newsTwo skinny dippers threatened with inclusion on sex offenders’ register as naturists criminalised
News
Shake down: Michelle and Barack Obama bump knuckles before an election night rally in Minnesota in 2008, the 'Washington Post' called it 'the fist bump heard round the world'
newsThe pound, a.k.a. the dap, greatly improves hygiene
Arts and Entertainment
La Roux
music
Arts and Entertainment
Graham Fellows as John Shuttleworth
comedySean O'Grady joins Graham Fellows down his local Spar
News
people
News
Ross Burden pictured in 2002
people
News
Elisabeth Murdoch: The 44-year-old said she felt a responsibility to 'stand up and be counted’'
media... says Rupert Murdoch
Arts and Entertainment
tv
Extras
indybest
Independent
Travel Shop
the manor
Up to 70% off luxury travel
on city breaks Find out more
santorini
Up to 70% off luxury travel
on chic beach resorts Find out more
sardina foodie
Up to 70% off luxury travel
on country retreats Find out more
Latest stories from i100
Have you tried new the Independent Digital Edition apps?
Independent Dating
and  

By clicking 'Search' you
are agreeing to our
Terms of Use.

iJobs Job Widget
iJobs Media

Junior / Graduate Application Support Engineer

£26000 per annum: Ashdown Group: A highly successful international media organ...

ERP Business/ Implementation Analyst

£40000 - £45000 per annum + competitive: Progressive Recruitment: This is an e...

Software Developer / Software Engineer

£Neg. (DOE) + Excellent Benefits: Guru Careers: Combining a passion for Softwa...

Lead Software Developer / Senior Software Developer / Technical Architect

£Neg. (DOE) + Excellent Benefits: Guru Careers: Lead Software Developer / Seni...

Day In a Page

A new Russian revolution: Cracks start to appear in Putin’s Kremlin power bloc

A new Russian revolution

Cracks start to appear in Putin’s Kremlin power bloc
Eugene de Kock: Apartheid’s sadistic killer that his country cannot forgive

Apartheid’s sadistic killer that his country cannot forgive

The debate rages in South Africa over whether Eugene de Kock should ever be released from jail
Standing my ground: If sitting is bad for your health, what happens when you stay on your feet for a whole month?

Standing my ground

If sitting is bad for your health, what happens when you stay on your feet for a whole month?
Commonwealth Games 2014: Dai Greene prays for chance to rebuild after injury agony

Greene prays for chance to rebuild after injury agony

Welsh hurdler was World, European and Commonwealth champion, but then the injuries crept in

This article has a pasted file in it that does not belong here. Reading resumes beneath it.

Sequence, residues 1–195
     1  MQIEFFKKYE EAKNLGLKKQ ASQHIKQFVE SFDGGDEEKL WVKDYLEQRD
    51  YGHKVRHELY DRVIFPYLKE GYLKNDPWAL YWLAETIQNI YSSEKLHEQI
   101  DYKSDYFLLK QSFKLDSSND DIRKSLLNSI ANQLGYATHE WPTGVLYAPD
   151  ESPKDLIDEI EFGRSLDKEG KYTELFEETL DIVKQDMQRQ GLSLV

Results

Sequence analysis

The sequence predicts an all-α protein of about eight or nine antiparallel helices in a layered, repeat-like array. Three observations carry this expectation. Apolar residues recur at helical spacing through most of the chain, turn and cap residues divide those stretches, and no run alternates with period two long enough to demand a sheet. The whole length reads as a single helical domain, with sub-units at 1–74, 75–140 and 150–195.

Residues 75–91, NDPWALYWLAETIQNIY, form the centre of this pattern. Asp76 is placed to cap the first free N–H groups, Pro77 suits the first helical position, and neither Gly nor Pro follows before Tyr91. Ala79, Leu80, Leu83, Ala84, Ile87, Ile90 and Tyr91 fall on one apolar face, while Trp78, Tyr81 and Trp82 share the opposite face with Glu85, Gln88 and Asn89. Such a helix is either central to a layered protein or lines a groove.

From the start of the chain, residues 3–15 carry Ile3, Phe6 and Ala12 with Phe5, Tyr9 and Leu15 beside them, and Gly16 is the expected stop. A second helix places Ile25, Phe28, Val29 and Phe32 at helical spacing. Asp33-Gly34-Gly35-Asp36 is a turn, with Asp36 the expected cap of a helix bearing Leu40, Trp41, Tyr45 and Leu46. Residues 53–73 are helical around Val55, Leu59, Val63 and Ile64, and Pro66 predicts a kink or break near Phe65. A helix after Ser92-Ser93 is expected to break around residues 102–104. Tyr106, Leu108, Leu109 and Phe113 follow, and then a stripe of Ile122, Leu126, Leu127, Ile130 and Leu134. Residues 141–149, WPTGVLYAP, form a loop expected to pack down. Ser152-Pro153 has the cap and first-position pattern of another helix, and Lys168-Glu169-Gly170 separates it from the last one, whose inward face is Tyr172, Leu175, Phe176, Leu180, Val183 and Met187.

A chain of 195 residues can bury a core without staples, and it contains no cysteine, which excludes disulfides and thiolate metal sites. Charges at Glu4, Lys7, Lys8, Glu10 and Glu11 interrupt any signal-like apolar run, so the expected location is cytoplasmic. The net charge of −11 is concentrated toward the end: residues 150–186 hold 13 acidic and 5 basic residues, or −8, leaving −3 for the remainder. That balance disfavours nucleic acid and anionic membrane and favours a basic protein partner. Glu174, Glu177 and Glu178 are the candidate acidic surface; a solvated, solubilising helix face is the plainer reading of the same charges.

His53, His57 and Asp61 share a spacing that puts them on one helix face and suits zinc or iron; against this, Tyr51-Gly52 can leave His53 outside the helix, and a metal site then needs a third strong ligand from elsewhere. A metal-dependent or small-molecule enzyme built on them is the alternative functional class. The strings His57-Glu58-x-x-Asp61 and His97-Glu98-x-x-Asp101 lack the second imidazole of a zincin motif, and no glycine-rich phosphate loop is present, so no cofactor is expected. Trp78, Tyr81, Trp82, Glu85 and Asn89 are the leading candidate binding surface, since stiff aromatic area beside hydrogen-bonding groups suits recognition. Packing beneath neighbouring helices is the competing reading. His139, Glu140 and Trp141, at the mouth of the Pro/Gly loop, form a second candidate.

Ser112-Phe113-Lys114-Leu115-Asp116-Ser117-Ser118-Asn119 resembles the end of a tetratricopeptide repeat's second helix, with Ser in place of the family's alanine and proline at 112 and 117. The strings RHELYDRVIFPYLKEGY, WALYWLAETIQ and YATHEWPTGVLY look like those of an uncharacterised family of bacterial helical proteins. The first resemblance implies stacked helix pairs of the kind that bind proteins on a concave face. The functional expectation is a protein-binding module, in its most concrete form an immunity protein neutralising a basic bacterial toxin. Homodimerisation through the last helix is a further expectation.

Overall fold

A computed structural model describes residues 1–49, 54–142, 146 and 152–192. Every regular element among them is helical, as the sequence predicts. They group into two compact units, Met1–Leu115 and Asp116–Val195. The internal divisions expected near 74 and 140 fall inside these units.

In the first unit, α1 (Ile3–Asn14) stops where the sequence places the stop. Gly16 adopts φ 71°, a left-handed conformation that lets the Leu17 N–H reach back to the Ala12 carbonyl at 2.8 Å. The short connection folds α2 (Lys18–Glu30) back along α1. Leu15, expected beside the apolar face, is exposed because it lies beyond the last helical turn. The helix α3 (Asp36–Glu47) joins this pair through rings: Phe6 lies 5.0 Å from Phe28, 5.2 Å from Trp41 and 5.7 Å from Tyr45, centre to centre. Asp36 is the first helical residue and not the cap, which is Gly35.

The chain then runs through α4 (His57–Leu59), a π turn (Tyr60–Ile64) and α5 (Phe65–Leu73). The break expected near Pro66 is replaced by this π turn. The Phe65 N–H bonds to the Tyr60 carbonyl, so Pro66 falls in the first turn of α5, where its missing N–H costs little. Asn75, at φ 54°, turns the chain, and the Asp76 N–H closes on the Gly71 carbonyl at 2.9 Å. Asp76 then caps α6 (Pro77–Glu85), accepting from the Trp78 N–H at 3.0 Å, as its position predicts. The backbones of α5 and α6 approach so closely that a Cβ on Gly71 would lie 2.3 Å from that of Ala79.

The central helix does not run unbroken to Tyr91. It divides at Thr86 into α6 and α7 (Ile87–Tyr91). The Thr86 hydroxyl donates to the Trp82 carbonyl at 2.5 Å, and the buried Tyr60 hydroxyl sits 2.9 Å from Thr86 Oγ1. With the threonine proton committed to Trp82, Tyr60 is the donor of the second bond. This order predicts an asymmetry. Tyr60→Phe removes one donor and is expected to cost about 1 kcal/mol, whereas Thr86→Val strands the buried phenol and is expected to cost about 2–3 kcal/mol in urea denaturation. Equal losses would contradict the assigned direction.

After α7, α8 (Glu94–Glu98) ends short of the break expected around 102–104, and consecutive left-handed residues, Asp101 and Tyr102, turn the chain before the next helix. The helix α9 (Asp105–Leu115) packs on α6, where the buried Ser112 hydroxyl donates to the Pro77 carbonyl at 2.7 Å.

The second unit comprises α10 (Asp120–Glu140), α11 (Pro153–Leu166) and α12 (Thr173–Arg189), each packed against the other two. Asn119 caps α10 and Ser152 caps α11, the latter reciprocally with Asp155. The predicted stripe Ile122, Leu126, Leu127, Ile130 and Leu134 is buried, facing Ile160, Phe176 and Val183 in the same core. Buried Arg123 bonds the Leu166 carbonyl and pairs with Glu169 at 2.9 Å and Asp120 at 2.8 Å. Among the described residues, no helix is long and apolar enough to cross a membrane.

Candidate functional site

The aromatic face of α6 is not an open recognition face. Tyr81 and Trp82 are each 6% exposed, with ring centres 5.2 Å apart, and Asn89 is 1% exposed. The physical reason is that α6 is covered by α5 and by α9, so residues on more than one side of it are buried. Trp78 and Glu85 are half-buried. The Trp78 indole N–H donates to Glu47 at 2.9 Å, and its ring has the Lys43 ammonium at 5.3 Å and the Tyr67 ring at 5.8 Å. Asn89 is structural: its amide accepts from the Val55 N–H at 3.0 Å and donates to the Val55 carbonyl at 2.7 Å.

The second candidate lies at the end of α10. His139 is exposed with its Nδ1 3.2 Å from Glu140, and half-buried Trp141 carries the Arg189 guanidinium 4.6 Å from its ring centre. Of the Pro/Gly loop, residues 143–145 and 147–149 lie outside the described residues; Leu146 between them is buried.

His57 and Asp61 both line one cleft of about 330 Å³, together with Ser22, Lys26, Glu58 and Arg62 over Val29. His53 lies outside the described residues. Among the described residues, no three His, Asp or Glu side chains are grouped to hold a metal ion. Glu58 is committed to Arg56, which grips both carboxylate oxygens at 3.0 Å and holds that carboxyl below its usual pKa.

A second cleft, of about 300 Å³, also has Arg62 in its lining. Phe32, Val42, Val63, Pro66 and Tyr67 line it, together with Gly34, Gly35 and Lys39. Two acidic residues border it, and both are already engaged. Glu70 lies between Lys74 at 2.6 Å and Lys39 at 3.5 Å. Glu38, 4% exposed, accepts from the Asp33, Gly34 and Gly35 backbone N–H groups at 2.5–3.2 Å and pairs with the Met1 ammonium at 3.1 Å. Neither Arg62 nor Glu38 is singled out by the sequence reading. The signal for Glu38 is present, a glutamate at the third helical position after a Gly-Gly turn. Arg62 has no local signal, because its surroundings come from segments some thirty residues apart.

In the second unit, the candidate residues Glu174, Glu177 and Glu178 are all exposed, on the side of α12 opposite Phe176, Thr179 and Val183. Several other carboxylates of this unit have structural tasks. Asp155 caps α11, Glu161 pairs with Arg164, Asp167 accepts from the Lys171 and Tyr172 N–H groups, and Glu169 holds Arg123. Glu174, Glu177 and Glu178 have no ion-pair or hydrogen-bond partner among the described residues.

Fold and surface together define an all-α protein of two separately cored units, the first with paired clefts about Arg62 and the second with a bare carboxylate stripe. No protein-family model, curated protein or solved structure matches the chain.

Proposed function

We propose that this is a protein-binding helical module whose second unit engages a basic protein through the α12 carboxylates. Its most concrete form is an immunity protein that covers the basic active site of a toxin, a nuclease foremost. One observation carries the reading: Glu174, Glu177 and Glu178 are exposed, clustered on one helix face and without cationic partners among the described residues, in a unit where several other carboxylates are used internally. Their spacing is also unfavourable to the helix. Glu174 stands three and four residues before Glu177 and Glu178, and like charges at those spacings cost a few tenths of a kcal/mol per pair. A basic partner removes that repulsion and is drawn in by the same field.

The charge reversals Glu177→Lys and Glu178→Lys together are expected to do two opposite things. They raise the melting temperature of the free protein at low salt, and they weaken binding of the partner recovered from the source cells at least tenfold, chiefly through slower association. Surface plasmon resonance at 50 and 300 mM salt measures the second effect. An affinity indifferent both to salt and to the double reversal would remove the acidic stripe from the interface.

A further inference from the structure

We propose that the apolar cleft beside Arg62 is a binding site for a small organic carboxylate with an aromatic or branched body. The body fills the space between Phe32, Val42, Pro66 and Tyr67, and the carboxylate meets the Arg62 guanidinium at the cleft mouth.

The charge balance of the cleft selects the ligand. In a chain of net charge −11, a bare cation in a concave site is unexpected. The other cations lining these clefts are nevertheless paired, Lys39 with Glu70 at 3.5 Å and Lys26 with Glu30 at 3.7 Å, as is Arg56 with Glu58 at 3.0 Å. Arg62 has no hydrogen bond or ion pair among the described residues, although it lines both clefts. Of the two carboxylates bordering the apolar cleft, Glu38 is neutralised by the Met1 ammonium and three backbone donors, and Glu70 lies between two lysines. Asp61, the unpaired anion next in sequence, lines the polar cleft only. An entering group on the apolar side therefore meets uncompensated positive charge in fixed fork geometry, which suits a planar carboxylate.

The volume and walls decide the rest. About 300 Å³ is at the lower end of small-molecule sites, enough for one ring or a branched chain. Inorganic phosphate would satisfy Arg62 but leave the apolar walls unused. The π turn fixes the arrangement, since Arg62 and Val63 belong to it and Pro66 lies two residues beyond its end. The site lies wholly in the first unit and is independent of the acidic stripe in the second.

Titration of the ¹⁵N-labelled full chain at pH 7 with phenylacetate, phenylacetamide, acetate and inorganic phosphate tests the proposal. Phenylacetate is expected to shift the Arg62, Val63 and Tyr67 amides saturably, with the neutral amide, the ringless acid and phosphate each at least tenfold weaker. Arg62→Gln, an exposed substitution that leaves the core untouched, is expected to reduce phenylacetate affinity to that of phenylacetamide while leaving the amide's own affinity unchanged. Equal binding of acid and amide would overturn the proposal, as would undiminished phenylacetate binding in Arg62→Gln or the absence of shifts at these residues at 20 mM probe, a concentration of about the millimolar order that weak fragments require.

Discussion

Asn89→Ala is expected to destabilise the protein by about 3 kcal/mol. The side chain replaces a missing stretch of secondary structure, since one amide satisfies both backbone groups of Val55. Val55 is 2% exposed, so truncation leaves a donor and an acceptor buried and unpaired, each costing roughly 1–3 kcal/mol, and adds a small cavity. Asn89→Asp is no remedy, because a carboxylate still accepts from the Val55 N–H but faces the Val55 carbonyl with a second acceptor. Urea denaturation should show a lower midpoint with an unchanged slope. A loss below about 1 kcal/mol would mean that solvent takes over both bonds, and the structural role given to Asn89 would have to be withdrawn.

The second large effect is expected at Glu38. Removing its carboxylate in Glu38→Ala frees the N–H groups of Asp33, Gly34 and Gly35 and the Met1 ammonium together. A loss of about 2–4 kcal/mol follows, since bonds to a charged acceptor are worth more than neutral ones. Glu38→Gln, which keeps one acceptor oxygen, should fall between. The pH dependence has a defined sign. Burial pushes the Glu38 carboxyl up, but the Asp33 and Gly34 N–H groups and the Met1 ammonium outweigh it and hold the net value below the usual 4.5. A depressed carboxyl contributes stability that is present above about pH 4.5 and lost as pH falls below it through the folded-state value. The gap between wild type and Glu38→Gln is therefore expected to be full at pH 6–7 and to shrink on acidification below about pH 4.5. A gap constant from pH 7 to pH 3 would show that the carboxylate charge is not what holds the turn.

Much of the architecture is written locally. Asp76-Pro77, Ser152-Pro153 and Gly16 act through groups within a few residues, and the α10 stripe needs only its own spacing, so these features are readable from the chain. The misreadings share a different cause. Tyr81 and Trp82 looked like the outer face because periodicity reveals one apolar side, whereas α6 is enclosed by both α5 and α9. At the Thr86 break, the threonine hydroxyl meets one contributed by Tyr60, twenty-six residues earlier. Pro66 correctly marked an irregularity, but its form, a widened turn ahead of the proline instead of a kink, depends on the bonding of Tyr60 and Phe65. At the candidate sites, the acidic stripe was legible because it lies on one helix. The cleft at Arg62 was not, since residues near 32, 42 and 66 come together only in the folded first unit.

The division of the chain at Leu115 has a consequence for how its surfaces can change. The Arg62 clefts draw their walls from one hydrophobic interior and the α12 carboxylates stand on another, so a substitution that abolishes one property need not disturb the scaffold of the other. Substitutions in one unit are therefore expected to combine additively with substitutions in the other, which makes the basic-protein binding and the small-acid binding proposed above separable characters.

Israel-Gaza conflict: Secret report helps Israelis to hide facts

Patrick Cockburn: Secret report helps Israel to hide facts

The slickness of Israel's spokesmen is rooted in directions set down by pollster Frank Luntz
The man who dared to go on holiday

The man who dared to go on holiday

New York's mayor has taken a vacation - in a nation that has still to enforce paid leave, it caused quite a stir, reports Rupert Cornwell
Best comedians: How the professionals go about their funny business, from Sarah Millican to Marcus Brigstocke

Best comedians: How the professionals go about their funny business

For all those wanting to know how stand-ups keep standing, here are some of the best moments
The Guest List 2014: Forget the Man Booker longlist, Literary Editor Katy Guest offers her alternative picks

The Guest List 2014

Forget the Man Booker longlist, Literary Editor Katy Guest offers her alternative picks
Jokes on Hollywood: 'With comedy film audiences shrinking, it’s time to move on'

Jokes on Hollywood

With comedy film audiences shrinking, it’s time to move on
It's the best of British art... but not all is on display

It's the best of British art... but not all is on display

Voted for by the British public, the artworks on Art Everywhere posters may be the only place where they can be seen
Critic claims 'I was the inspiration for Blanche DuBois'

Critic claims 'I was the inspiration for Blanche DuBois'

Blanche Marvin reveals how Tennessee Williams used her name and an off-the-cuff remark to create an iconic character
Sometimes it's hard to be a literary novelist

Sometimes it's hard to be a literary novelist

Websites offering your ebooks for nothing is only the latest disrespect the modern writer is subjected to, says DJ Taylor
Edinburgh Fringe 2014: The comedy highlights, from Bridget Christie to Jack Dee

Edinburgh Fringe 2014

The comedy highlights, from Bridget Christie to Jack Dee
Dame Jenny Abramsky: 'We have to rethink. If not, museums and parks will close'

Dame Jenny Abramsky: 'We have to rethink. If not, museums and parks will close'

The woman stepping down as chair of the Heritage Lottery Fund is worried